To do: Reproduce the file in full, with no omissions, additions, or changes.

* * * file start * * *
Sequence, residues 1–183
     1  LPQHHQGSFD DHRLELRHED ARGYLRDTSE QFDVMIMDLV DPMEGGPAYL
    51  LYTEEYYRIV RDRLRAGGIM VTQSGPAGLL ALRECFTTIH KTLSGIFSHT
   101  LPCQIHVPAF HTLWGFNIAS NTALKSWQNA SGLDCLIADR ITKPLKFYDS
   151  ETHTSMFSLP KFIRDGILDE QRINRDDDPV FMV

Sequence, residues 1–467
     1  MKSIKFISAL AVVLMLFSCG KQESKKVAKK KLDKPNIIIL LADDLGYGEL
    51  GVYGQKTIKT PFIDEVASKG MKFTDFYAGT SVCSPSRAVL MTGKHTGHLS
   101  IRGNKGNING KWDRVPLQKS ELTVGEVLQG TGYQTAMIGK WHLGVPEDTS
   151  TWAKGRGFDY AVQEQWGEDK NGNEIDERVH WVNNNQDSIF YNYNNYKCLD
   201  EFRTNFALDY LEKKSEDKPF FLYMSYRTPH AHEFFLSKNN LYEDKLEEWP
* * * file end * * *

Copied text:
Sequence, residues 1–183
     1  LPQHHQGSFD DHRLELRHED ARGYLRDTSE QFDVMIMDLV DPMEGGPAYL
    51  LYTEEYYRIV RDRLRAGGIM VTQSGPAGLL ALRECFTTIH KTLSGIFSHT
   101  LPCQIHVPAF HTLWGFNIAS NTALKSWQNA SGLDCLIADR ITKPLKFYDS
   151  ETHTSMFSLP KFIRDGILDE QRINRDDDPV FMV

Sequence, residues 1–467
     1  MKSIKFISAL AVVLMLFSCG KQESKKVAKK KLDKPNIIIL LADDLGYGEL
    51  GVYGQKTIKT PFIDEVASKG MKFTDFYAGT SVCSPSRAVL MTGKHTGHLS
   101  IRGNKGNING KWDRVPLQKS ELTVGEVLQG TGYQTAMIGK WHLGVPEDTS
   151  TWAKGRGFDY AVQEQWGEDK NGNEIDERVH WVNNNQDSIF YNYNNYKCLD
   201  EFRTNFALDY LEKKSEDKPF FLYMSYRTPH AHEFFLSKNN LYEDKLEEWP